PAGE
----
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"What the hell?"
Boone Barnett's muttered question was lost in the cold wind as he watched a truck pulling a horse van leave a wake of dust as it barreled its way across the desert basin. The woman from New Mexico, he decided. The rig was too fancy to belong to anyone around here. But she was supposed to have been here shortly after lunch. Not five minutes from sundown!
Damn it, he was chilled to the bone, exhausted and hungry. He was hardly in the mood to put up with a woman who'd not had the forethought or good manners to show up at a decent hour. If she expected to look at the horses now, she was in for a surprise, Boone thought. His horses weren't pampered pets housed in luxurious stalls with overhead lights. They existed outside, as they had for hundreds of years on this Nevada range.
Dropping the feed sack near the barn door, he called to a barking black-and-white shepherd before starting the long walk to the front of the house. Frigid north wind had been gusting all day and since he'd been outdoors for most of it, his face burned from exposure and his feet weren't in much better shape. While he waited for the truck to pull to a stop, he stomped his boots and prayed for a little feeling to return to his toes.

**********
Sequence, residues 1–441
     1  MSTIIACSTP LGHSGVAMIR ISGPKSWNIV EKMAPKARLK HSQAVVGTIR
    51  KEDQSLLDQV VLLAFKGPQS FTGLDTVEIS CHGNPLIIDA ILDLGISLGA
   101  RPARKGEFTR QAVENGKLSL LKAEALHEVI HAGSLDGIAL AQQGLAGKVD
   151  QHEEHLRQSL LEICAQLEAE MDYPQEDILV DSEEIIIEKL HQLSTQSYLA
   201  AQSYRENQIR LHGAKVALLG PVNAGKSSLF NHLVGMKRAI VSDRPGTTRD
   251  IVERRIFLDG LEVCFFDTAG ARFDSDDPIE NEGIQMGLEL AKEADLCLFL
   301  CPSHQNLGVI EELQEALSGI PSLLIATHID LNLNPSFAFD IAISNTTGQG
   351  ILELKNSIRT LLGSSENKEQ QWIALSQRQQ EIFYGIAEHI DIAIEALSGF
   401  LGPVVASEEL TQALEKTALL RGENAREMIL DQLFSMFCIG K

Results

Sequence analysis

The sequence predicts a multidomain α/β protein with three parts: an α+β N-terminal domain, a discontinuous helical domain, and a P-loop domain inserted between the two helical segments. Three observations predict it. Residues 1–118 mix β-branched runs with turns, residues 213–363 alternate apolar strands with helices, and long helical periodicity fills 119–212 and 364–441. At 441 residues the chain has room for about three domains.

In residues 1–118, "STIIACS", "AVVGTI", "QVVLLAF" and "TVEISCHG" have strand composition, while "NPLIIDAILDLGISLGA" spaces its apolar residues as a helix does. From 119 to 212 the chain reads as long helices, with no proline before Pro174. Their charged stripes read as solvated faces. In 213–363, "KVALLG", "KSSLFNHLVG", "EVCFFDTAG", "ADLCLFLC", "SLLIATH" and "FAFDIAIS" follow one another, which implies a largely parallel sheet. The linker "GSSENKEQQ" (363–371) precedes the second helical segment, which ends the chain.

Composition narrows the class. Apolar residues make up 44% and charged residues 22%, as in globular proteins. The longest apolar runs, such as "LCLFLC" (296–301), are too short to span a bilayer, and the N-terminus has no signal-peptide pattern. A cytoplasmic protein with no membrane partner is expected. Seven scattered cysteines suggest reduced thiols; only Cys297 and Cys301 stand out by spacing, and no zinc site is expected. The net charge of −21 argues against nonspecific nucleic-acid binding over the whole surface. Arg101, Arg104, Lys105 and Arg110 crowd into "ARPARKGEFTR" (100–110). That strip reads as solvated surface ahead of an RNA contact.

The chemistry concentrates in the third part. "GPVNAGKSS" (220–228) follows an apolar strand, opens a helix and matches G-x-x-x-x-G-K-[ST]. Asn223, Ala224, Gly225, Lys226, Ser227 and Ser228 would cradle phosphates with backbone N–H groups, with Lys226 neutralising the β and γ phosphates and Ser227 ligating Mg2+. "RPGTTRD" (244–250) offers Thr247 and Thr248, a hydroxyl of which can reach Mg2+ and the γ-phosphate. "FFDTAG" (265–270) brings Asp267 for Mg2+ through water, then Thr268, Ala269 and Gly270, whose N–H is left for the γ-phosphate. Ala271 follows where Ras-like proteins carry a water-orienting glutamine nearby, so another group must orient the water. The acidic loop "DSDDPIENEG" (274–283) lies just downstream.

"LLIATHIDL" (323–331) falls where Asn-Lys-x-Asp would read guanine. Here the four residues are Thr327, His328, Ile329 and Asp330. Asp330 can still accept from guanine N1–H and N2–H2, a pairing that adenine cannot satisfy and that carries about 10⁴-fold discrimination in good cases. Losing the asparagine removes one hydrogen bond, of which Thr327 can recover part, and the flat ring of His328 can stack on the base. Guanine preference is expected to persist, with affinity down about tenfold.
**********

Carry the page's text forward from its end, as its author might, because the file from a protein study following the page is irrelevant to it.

Next to his leg, the dog whined and Boone's gloved hand patted the animal's head. "You don't need to worry about the lady, Queenie. She's only a visitor."
Pricking its ears, the shepherd followed Boone forward, while a few feet away, the driver's door opened on the truck and a tall, shapely woman stepped to the ground. She was dressed in blue jeans and boots and a bright red sweater, and as she moved toward him, she quickly shoved her arms into a denim ranch jacket.
"Hello," she called out loud enough to be heard above the wind.
"Hello," he greeted in response.
As the two of them met on the bare, hard-packed earth, Boone removed his glove and extended his hand to her. Even though he was damned irritated at her for showing up at a ridiculous hour, she was still a potential client. And for the past few months horse buyers hadn't exactly been beating down his door. The last thing he wanted to do was offend this one with bad manners.
"I'm Boone Barnett," he introduced himself. "And you must be Ms. Donovan?"
A wide smile spread her cherry-colored lips and Boone found himself staring at the woman. He'd not been to town in weeks and even when he was there he didn't take much notice of people, especially women, but something about the warmth on her face had struck him.
She was far younger than he'd expected and definitely prettier. Light, copper-red hair fell in thick waves to her shoulders and with each gust of wind, it tossed around her head like a bright silk scarf.
She grasped his hand in a firm shake while dimples bracketed her lips and Boone suddenly realized it was going to be an effort to do business with this woman. She had an irritating ability to remind him he was a man, one that had lived without a woman for a long, long time.